The enhancement of community resilience to emerging risks, such as climate-change-induced extreme weather events, is an issue that has received a great deal of attention in both academic and policy domains (Cutter et al. 2008, Haque et al. 2018). Recognizing that resilience is often socially and politically differentiated, for the purpose of the present study, we broadly defined “resilience” as the (inherent) ability of a community to withstand external shocks and disruptions (Folke el al. 2010, Berkes and Ross 2013, Faulkner et al. 2018). This fundamentally depends upon the community members’ capacity and opportunity for learning from crises and combining different forms of knowledge in order to effectively prepare for and respond to future crises (i.e., social learning) (Adger et al. 2005, Folke et al. 2003, Berkes 2007, Pahl-Wostl 2009). With this basic relationship in mind, we investigated risk reduction and community resilience to nature-triggered extreme events (NTEE) and associated disasters through a social learning lens, and posit that indigenous and local knowledge (ILK) is vital to the social learning process and for enhancing resilience to NTEE.
Numerous recent studies have rightly elaborated the problematic nature of normative framings of resilience (Cote and Nightingale 2011, Christensen and Krogman 2012, Fabinyi et al. 2014, Brown 2016) and the fact that resilience has frequently been found to be socially (e.g., gender), politically (e.g., power), and culturally (e.g., local knowledge) differentiated (Pelling 2011, Grove 2014a, b, Brown 2016, Jordan 2018). As the normative usage of resilience may obscure its relationship with vulnerability, facilitating social learning and building resilience require an understanding of these dynamics (Cannon and Müller-Mahn 2010, Gaillard 2010, Carr 2019). In this regard, some critical social theorists appropriately assert that resilience is essentially progressive and political as it envisions people as active agents who have control over their own destiny, rather than as passive subjects and victims (Grove 2013b, 2014b, Evans and Reid 2014, Barrios 2016). Support for this human agency perspective has also been registered in some applied community resilience scholarship, e.g., focusing on identifying, building, and nurturing local strengths (Brown and Westaway 2011, Berkes and Ross 2013, Faulkner et al. 2018). In this paper, we posit that an inter- and transdisciplinary engagement with the work of these critical social theorists and applied, pragmatically oriented scholars helps to better understand the process of resilience on the ground.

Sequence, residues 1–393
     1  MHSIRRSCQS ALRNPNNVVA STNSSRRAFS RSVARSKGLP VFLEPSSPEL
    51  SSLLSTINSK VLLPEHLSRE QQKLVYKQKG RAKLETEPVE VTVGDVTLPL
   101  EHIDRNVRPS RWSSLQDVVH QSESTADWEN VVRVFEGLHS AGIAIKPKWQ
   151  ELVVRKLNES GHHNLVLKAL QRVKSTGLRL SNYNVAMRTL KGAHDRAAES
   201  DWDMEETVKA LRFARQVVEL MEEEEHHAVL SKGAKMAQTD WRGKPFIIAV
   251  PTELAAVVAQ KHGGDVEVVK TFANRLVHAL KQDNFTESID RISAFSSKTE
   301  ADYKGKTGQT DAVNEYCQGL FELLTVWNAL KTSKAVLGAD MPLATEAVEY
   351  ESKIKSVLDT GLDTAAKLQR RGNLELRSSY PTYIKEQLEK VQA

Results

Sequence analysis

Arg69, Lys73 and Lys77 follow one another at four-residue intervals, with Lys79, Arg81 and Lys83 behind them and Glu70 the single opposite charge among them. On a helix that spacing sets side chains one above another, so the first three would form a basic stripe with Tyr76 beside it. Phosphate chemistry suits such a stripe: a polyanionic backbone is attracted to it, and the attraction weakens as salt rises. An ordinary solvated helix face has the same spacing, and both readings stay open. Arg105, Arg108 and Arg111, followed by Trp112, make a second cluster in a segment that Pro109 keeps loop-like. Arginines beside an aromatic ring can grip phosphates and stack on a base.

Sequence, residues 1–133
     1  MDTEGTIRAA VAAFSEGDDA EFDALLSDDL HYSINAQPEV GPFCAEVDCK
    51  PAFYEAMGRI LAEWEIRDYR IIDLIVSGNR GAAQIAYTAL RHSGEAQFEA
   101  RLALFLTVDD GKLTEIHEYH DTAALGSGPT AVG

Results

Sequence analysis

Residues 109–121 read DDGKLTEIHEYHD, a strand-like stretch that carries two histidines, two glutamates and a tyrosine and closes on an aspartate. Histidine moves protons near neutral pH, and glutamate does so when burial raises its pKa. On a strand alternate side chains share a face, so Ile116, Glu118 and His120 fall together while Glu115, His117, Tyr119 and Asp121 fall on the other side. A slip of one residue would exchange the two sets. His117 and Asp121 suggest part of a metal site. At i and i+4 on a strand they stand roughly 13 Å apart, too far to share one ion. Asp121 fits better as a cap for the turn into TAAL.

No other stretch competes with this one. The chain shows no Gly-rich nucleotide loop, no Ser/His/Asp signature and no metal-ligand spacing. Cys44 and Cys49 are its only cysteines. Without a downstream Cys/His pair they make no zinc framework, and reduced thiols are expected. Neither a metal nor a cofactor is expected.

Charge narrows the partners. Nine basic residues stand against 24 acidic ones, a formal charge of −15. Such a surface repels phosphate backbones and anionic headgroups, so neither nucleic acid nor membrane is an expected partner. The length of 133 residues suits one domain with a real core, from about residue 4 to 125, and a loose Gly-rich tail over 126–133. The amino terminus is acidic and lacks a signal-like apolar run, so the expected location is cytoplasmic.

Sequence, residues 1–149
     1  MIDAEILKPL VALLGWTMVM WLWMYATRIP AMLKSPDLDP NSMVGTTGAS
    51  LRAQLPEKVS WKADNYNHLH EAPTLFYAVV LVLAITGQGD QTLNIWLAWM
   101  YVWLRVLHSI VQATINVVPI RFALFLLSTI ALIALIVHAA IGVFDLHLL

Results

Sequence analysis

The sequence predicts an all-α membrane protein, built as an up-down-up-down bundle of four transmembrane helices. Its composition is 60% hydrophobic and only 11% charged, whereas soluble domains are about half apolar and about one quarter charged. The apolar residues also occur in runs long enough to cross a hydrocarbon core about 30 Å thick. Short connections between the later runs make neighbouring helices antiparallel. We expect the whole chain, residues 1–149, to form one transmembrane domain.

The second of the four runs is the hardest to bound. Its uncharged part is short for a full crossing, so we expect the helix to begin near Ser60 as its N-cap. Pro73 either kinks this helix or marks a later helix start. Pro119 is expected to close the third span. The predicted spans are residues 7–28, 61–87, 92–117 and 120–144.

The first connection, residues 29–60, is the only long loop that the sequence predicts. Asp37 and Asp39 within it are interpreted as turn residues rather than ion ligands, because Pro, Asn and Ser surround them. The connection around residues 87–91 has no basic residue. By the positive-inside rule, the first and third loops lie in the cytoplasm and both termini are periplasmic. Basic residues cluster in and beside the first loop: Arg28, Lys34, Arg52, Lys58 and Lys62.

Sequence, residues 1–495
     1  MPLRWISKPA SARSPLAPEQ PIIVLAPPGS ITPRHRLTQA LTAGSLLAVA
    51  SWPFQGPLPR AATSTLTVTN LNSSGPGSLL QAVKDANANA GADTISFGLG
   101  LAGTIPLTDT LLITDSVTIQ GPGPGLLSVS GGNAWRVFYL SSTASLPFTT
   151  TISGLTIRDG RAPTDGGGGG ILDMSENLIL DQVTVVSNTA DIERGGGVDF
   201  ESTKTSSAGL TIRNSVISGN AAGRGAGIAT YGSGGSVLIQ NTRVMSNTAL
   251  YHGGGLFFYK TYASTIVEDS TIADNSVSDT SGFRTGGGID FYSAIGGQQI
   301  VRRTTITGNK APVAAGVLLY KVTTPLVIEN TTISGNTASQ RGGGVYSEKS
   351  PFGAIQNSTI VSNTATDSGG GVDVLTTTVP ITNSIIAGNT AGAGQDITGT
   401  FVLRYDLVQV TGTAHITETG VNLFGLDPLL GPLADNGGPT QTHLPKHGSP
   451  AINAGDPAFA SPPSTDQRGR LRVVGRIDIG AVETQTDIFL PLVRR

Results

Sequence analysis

As a mechanism for sharing and developing common understandings, social learning for building resilience often involves external deliberative processes (Pahl-Wostl 2006, Armitage et al. 2008), and several authors have raised concerns regarding who defines resilience—and for whom (MacKinnon and Derickson 2013, Cretney 2014). They assert that if external deliberation (e.g., by formal institutions) does not meaningfully include local voices, knowledge, and memory, these processes are likely to subjugate people to the power of institutions and scientific–technical forms of knowledge (Adger et al. 2001, Bulley 2013, Grove 2014b). Here, unpacking the relational matrix of power, knowledge, and the institutional context is essential for understanding the role of social learning in building community resilience, which is often ignored in the social learning discourse.
Understanding tensions and differentials in power and knowledge is central to comprehending and explaining the “everyday forms of resilience” that are discursively produced and reproduced through social learning processes (Pelling 2011, Boyd et al. 2014, Brown 2016). Recognizing the plurality of approaches to knowledge, our intent is to explore diverse meanings and possibilities for alternative forms of resilience (Grove 2013a, 2018, Pugh 2013, Bonilla 2020). In this study, by taking a critical stance on programmatic interventions for community resilience and social learning, we argue that local knowledge, beliefs, practices, and social memory (SM) are critical elements of social learning processes for building community resilience to NTEE, such as cyclones and associated storm surges. As well, we assert that it is important to examine how these elements are being applied in power relations and how technologies play out in such social learning processes.